If you own a classic car, you’re going to have to get the brakes rebuilt eventually. Like death and taxes, brakes are inevitable. Whether your ride is a muscled-up late 1960s big block monster or a pre-1940 traditional hot rod, there has to be a way to get it to stop. Fortunately, a brakes rebuild for your vintage automobile is as close as Rocky Mountain Driveline.
At the turn of the century, when automobiles were still in their infancy, brakes were considerably less sophisticated than they are today. Remember that most cars in those days weren’t capable of speeds much greater than 15 miles per hour! The braking systems in these “horseless carriages” were literally a holdover from the days of the horse and cart. A wooden block was used to apply friction to the steel-rimmed wheel of the automobile, actuated by a handle beside the driver. This was bound to change, of course, as steel rims gave way to rubber tires. With the added comfort, convenience and traction, also came the necessity of producing a new, more efficient brake system that wouldn’t melt the vehicle’s tires.
Classic cars after that time used a forerunner of a system still in use today. The drum brake was developed specifically to answer the challenge of the new rubber tire with regards to bringing the horseless carriage to a stop. Drum braking systems on antique cars came in several varieties. One of the first was a drum band brake, which used a band to produce friction against the outside surface of a drum. Another used brake shoes on the outside of the drum. While these were effective for stopping the vehicle under ordinary conditions, they proved ineffective when the roads were wet or dusty. Since most roads in the early 1900s were dirt roads, that meant that drivers were pretty much out of luck regardless of what the weather was doing.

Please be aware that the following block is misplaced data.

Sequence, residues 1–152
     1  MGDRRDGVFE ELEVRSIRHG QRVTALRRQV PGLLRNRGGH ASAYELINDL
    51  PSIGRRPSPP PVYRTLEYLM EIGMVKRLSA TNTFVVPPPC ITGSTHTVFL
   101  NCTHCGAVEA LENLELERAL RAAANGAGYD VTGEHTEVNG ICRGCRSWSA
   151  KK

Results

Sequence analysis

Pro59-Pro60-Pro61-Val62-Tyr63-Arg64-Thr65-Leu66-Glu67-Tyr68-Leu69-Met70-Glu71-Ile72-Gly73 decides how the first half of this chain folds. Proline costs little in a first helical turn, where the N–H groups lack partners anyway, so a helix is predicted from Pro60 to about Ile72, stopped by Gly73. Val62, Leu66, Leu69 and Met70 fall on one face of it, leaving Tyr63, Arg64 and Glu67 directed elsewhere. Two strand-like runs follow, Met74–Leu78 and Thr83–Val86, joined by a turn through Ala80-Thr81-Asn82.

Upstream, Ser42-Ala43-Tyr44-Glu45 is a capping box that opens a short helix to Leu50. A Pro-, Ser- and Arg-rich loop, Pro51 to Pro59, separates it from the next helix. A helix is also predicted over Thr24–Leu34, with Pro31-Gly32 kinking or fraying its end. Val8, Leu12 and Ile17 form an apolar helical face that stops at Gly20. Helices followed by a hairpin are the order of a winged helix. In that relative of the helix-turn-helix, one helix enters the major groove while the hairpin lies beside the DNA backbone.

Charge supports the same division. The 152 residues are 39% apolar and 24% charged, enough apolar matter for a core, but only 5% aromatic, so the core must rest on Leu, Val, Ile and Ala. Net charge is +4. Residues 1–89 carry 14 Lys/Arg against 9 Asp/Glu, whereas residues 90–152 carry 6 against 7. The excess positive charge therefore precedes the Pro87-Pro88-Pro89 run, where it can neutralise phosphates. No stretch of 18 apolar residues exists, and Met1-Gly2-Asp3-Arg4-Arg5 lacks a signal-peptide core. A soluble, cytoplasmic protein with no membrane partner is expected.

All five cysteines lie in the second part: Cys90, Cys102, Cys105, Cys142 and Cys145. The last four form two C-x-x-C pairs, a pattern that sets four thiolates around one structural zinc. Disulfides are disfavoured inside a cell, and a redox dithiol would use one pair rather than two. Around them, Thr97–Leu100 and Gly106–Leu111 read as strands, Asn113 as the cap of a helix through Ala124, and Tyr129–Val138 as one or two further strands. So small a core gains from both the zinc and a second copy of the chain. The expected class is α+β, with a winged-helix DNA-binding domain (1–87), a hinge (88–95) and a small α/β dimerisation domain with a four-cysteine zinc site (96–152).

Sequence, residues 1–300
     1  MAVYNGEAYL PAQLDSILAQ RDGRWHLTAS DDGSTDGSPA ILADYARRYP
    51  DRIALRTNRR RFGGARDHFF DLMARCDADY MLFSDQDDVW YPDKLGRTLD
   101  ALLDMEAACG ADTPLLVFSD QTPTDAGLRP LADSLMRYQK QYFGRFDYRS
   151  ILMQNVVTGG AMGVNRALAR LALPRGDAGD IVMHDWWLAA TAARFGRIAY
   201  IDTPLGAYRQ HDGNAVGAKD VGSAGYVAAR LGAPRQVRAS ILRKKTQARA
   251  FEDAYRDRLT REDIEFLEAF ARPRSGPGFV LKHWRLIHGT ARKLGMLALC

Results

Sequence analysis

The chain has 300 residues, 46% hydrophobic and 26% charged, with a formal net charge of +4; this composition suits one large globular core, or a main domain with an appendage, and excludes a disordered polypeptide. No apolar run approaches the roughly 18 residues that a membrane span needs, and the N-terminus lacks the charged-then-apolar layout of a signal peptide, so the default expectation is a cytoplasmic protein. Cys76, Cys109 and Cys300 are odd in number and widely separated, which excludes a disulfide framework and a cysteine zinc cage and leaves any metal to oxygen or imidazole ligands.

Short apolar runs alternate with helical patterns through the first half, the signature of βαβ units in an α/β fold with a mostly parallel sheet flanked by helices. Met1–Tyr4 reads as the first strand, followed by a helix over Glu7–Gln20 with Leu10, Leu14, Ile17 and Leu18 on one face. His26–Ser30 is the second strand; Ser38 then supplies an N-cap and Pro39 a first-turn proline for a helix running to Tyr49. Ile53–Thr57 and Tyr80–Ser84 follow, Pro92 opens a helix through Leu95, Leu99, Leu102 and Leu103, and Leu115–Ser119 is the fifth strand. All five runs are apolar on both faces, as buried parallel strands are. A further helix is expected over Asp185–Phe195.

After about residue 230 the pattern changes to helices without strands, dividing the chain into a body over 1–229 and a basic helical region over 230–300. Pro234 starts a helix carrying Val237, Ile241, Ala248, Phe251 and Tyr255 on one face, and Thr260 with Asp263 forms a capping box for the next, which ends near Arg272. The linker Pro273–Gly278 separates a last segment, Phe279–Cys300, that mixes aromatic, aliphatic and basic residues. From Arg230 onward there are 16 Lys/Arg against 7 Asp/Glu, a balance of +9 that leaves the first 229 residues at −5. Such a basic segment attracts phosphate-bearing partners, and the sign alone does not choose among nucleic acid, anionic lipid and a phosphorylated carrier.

The modern drum brake came shortly thereafter. Comprised of two shoes, a brake drum, and several springs and levers, drum brakes that had the shoes on the inside of the drum proved to be vastly superior to the previous style. In order to rebuild drum brakes of these early classic cars, having the right parts to perform the work is only half the story. Drum brake systems can be notoriously difficult to service, and if your classic car has been stationary for a while, having an experienced mechanic appraise the condition of the brakes and perform the necessary repairs will save you a lot of hassle and money. One of the biggest problems that do-it-yourselfers might run into is misalignment of the brake shoes and failure to correctly install the drum brake springs. Such problems can lead to cracked drums or shoes, noisy brake performance, and even failure of the brake system.
On some cars, a brake rebuild simply won’t do. For instance, if you’ve recently upgraded the engine of your vehicle, and it produces much more horsepower than it did when it rolled off the assembly line, the stock system may not be able to handle the strain. Drums, while effective, still have limitations. One of those is comparatively weak braking when compared with modern disc braking systems. Fortunately, retrofit kits are available that modify the front drums to discs. In order to make certain that your antique or classic vehicle drives right, professional installation is highly recommended for these kits.
A brake rebuild for classic cars is one aspect of classic automotive maintenance that you should avoid skipping. Keeping your classic car well-maintained not only ensures that it stays in prime condition, but also that it’s safe to take out on those Sunday drives!